Not a bit of it! On closer examination after canine removal, he appeared to be tucking into a bowl of tinned salmon – clearly much tastier than his usual carefully balanced prescription diet for duff kidneys – and he had absolutely no intention of letting any miserable dog have any. Turned out the occupants of Hazel thought Sir was a skinny, underfed stray (the shame of it) and put down some food for him while we weren’t looking.

Anyway, dinner in The Vale Inn (run by the brewery across the road) was excellent. Pete Coe was on splendid form (we are not worthy…), and the Captain enjoyed the novelty of two boats to wander around at night – one full of puddling clay. So if the Macclesfield Canal develops another leak due to clay contamination, we’ll know who to blame…

Sheep May Safely Snore

As we set off from Bosley to Bollington (that phrase has a From Galway to Gracelands ring about it, doesn’t it?), as already mentioned the first obstacle is the Bosley flight of locks. One odd thing is that – unlike most other locks – the top ends have two mitred gates like those commonly found at the the bottom, rather than the more usual single gate. And there’s no walkway on the top gates, so if you’re light crewed like Song & Dance there’s a lot more walking around the lock chamber to work the boat through. They’re also deep, so the paddles are often stiff, and the gates leak like a sieve, so even if someone had just come down leaving a lock in your favour it didn’t stay that way for long.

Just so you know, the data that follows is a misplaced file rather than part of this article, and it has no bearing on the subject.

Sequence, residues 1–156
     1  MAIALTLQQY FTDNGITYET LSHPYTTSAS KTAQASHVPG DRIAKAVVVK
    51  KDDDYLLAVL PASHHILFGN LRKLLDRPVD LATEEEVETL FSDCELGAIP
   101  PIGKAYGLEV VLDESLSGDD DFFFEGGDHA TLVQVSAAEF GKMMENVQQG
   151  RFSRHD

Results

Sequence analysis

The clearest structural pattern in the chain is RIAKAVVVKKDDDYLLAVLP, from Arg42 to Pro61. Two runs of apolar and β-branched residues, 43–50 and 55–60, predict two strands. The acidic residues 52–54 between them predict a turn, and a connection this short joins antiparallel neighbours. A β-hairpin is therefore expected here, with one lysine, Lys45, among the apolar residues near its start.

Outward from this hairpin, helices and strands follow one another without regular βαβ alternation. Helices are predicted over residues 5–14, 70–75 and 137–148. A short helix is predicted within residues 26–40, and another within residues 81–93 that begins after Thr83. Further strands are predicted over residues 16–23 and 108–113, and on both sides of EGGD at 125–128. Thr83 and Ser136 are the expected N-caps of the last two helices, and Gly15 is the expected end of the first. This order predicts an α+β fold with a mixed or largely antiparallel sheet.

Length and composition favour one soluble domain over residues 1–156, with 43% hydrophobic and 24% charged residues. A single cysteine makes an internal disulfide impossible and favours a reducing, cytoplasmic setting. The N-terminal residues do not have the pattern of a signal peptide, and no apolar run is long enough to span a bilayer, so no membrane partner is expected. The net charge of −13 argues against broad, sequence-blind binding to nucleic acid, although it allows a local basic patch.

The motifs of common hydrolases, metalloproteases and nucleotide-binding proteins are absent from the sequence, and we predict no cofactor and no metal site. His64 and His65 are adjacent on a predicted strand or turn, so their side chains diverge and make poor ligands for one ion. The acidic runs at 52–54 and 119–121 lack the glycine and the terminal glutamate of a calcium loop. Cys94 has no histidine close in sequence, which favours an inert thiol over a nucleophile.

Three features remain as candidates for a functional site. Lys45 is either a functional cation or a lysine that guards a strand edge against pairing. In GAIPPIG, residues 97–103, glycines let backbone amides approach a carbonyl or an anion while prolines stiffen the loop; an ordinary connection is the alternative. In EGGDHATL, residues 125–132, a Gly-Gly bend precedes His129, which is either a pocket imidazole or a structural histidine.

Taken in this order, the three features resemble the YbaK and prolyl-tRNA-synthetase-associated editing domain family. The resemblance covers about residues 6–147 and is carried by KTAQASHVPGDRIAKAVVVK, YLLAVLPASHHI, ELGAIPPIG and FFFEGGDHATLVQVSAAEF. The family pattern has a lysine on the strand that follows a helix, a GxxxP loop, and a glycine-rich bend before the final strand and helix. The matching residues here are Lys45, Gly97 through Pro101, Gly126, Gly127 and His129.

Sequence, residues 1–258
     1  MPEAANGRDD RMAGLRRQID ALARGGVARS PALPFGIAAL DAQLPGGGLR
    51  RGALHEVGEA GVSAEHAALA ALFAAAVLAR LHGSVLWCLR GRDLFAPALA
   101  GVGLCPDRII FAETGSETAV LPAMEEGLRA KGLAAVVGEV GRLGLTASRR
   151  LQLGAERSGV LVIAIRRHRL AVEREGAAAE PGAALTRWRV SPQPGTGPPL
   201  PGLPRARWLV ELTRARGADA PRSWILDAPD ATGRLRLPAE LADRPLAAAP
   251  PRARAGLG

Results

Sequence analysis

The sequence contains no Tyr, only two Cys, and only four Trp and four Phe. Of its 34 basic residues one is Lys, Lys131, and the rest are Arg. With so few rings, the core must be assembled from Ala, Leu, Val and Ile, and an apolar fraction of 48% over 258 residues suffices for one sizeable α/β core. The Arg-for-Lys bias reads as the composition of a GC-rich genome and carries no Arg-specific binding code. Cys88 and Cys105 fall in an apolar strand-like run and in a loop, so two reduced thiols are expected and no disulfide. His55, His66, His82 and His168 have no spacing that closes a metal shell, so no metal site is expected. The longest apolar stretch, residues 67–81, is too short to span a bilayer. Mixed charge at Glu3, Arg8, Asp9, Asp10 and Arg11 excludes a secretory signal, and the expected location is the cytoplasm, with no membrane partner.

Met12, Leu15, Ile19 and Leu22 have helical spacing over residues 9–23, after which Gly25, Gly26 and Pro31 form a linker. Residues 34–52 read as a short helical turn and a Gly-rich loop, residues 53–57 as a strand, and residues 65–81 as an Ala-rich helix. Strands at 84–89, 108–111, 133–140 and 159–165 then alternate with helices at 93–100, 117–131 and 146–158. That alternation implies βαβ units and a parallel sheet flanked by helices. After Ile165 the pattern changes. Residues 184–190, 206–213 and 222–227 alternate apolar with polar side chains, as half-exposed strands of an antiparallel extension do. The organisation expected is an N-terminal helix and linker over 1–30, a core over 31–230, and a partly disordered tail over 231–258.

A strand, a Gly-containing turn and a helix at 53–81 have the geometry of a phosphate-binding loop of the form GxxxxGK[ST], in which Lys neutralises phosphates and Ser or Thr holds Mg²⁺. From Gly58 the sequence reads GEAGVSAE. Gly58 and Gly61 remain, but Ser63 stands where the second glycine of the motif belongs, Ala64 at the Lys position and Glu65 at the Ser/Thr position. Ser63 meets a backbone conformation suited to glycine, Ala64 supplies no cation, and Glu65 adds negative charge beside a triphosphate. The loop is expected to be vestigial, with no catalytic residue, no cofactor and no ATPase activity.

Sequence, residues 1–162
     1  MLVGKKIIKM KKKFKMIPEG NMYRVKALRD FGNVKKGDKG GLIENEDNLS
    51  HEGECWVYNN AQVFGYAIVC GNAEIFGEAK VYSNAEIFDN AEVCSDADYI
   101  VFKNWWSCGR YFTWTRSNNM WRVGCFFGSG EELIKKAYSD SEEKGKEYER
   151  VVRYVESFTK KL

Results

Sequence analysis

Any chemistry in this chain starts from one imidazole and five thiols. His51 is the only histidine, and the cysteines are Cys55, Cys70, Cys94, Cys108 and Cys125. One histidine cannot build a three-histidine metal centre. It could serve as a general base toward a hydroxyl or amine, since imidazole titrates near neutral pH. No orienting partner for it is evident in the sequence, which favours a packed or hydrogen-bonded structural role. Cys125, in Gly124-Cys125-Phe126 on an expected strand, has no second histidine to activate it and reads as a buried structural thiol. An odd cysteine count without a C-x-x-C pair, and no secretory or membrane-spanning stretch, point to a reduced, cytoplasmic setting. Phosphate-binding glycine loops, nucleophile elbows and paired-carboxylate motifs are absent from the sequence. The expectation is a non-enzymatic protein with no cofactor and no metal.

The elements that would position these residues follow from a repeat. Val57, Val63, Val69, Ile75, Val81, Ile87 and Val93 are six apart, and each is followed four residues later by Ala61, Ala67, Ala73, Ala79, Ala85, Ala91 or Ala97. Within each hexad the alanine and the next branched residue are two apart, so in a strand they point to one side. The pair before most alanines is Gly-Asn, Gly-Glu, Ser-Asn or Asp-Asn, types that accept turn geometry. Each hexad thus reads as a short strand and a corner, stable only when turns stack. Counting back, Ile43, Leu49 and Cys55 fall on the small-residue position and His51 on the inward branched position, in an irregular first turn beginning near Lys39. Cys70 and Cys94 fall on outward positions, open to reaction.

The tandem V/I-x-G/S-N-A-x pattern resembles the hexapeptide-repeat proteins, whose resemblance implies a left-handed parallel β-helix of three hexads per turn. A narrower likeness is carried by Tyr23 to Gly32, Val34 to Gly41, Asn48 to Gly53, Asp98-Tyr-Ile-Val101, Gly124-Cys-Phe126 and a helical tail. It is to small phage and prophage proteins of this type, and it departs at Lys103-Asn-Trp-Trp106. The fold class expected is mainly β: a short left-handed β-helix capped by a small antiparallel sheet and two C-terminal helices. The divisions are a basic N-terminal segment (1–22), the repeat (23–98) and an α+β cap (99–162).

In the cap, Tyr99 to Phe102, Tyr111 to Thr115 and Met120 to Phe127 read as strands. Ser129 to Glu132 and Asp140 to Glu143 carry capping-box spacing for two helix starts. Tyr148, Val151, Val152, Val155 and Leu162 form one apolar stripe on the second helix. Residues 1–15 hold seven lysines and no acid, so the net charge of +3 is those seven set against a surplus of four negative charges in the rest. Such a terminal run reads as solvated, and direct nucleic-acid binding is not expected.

So – remembering to hate people who start sentences with “so” – with uninspiring weather and no time for much else, we headed off without camera in hand, and made it to the top by lunchtime rather out of breath. There’s a bit of a gap between the penultimate and ultimate lock, and we saw our friend Betelgeuse and tug stuffed in the reeds and undergrowth. Guess that’s as far as they got before running out of daylight or post work enthusiasm or lockwheeling helpers.

The top lock is something of a CaRT visitor/showcase spot. The gates are all freshly painted, and properly balanced to move easily, the paddles are all greased and easy to operate, and the gates didn’t leak. I guess most visitors don’t walk down to see how decrepit the others locks are. Cynical? Moi?

After lunch, we didn’t go a great deal further, and stopped at the visitor moorings at Gurnett Aqueduct. These look nice and suitable, but the rings are set far too far apart, and the cut there being a concrete trough, banging mooring pins in without running ropes crossing the towpath can be entertaining. Not.

A fellow boater had suggested that Sutton Hall was a good place to eat, and so it proved. An old manor house, convent and one time home of Lord Lucan, it’s now a large pub/restaurant with loads of different rooms, nooks and crannies, and excellent food. The entrance is just off the canal, and approached by quite a long winding drive between two large fields full of sheep.

After a splendid meal, we were walking back down the drive in the dark, wondering what the strange subterranean rumbling sounds that we could hear were coming from. Shining a torch into the field showed several sheep close by the fence, lying on their sides, fast asleep, and to a ewe, snoring gently. Never knew sheep snored: reckon there’s an idea for a Bach Cantata there…